Pay It Forward: the Unexpected Impact of One Young Man’s Journey
It wasn’t until Quraish, now 23, was four years old that his parents were able to find treatment for his clubfoot. “It changed my life forever,” he says. But this isn’t a story about how treatment transformed Quraish physically—this is a story about how his experience living with disability as a child shaped his aspirations for the future.
Quraish understands how finding access to clubfoot care—care that millions of children still need—drastically impacted the trajectory of his life. And he is profoundly grateful to the health workers in Uganda who helped him as a child. This group of providers, including Dirissa Kitemagwa, orthopedic officer at the Mulago Clinic in Kampala, formed the world’s first public health campaign for clubfoot to reach children with a then-new noninvasive method. Their work not only changed Quraish’s life, but revolutionized clubfoot treatment globally.
“I would really like to meet them and thank them because they really, really helped my life,” muses Quraish remembering the providers who treated his clubfoot nearly two decades ago. “If I hadn’t acquired treatment, I wouldn’t have acquired a good education and my story would have been very different.”
Quraish is part of a growing group of young people in Uganda who are keen on using their education and professional skills to improve educational and economic opportunities, health, and quality of life for others in their community.
Quraish graduated from Makerere University with a degree in accounting and went on to work as an auditor for an economic development organization in Uganda working to equip young women in Kampala’s slums with skills and resources to pursue new opportunities. It’s a terrific example of the compounding results treating clubfoot can have on an entire community.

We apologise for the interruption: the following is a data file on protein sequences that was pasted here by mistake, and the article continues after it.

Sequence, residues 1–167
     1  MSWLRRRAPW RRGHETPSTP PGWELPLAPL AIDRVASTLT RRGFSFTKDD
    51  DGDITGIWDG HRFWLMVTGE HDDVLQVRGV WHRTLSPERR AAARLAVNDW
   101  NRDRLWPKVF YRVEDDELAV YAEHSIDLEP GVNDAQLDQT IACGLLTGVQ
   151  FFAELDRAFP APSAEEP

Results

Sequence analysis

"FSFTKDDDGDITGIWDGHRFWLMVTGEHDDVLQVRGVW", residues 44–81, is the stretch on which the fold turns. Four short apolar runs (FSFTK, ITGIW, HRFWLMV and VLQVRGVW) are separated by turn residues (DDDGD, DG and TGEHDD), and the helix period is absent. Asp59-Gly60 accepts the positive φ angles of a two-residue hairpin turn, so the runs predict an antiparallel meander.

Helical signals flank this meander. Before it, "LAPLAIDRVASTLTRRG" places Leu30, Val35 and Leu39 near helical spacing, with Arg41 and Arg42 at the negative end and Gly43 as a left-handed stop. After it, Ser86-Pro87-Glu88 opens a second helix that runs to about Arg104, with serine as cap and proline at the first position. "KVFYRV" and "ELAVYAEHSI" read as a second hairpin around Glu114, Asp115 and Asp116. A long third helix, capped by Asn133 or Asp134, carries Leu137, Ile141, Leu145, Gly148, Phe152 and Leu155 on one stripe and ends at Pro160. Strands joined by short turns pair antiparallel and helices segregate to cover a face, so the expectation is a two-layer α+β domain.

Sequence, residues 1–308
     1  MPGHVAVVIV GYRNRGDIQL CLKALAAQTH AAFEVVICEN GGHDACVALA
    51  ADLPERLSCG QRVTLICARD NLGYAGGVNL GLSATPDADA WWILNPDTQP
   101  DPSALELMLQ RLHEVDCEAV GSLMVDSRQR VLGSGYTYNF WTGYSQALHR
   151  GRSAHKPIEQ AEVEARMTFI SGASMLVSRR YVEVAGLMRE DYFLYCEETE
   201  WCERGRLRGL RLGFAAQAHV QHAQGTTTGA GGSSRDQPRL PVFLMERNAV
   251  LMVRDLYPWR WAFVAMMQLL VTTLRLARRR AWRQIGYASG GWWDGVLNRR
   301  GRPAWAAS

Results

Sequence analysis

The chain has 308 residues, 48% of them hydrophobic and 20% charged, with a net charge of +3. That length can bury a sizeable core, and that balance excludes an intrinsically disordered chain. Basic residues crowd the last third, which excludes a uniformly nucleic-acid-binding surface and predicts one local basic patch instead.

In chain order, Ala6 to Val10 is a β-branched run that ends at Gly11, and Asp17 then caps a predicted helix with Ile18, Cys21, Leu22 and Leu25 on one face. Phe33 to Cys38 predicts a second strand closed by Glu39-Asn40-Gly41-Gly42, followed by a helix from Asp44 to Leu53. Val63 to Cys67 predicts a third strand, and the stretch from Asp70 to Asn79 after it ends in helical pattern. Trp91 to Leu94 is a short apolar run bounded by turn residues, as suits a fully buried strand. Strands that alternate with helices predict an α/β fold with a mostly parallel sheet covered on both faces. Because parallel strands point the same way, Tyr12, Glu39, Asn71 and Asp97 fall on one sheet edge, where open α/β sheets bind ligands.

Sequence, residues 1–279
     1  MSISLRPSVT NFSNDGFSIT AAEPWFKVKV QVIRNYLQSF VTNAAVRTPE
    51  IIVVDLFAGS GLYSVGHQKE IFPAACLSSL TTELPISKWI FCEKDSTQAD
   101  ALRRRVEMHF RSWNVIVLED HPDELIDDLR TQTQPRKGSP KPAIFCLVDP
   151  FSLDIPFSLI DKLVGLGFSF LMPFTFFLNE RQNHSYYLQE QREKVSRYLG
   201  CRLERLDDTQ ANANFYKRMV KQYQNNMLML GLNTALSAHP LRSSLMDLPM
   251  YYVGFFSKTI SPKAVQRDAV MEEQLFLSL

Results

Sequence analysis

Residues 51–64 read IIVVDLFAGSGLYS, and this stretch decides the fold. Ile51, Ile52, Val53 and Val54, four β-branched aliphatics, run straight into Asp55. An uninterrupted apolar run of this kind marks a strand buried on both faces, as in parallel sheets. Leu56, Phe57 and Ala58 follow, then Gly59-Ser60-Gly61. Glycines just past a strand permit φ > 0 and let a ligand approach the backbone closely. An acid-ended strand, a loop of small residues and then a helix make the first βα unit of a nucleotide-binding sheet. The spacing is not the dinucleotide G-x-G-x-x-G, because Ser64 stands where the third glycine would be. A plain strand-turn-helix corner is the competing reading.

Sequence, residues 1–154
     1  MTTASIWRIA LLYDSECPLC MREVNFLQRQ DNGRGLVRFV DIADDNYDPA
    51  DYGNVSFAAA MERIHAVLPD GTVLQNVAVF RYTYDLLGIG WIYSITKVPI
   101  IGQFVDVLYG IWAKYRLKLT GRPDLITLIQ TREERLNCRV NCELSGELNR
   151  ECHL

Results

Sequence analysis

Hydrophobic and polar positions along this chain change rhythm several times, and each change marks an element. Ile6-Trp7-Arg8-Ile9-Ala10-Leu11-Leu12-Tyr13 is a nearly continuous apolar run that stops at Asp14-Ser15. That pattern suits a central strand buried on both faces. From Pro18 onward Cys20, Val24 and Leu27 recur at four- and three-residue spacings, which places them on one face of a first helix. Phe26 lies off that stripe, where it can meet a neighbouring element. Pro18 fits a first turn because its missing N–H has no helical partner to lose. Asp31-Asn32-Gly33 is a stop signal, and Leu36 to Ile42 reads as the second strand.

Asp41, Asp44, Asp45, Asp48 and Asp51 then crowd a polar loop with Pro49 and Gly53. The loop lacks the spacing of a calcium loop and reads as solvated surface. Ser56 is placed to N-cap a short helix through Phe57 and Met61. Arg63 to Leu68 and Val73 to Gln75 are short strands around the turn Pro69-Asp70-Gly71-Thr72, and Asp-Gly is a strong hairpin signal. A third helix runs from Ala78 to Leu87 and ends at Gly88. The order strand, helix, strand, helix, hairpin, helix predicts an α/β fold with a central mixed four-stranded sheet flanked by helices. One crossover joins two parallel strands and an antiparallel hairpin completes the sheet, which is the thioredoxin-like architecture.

Often, life spirals downhill quickly for a child born with clubfoot. They experience higher rates of hunger and malnutrition, poorer health, and additional barriers that make them less likely to receive basic services essential for healthy development.
Without treatment, it’s very likely that Quraish would not have attended school – either because he would have been unable to walk to the facility, unable to navigate a campus with no accommodations for physical handicaps, and/or because the stigma associated with disability can be so detrimental that parents often feel the only way to keep their child safe is to hide them from the outside world.
A recent UNICEF report finds that “at least 90% of children with disabilities in the developing world are denied the right to education.”
Every child deserves equal opportunity to fulfill their potential. While Quraish is a terrific example of what’s possible, the reality is that of the 9.75 million people alive today who were born with clubfoot, 8 million never received treatment. Most are likely denied an education and basic health care and are unable to join the workforce or become productive members of their community.
Today, approximately 240 million children and adolescents experience disabilities, and injuries for people of all ages are becoming more frequent due to conflict, rapid urbanization and motorization. These enormous unmet rehabilitation needs are concentrated amongst the poorest and most vulnerable populations in low- and middle-income countries and conflict-affected settings. Integrating assistive technology in physical rehabilitation efforts could provide real improvements in the quality of life, functionality, and independence for people living with physical disabilities.
Children and adults with clubfoot should not be left behind. Now is the time to commit to change and make the world more inclusive for people living with disabilities.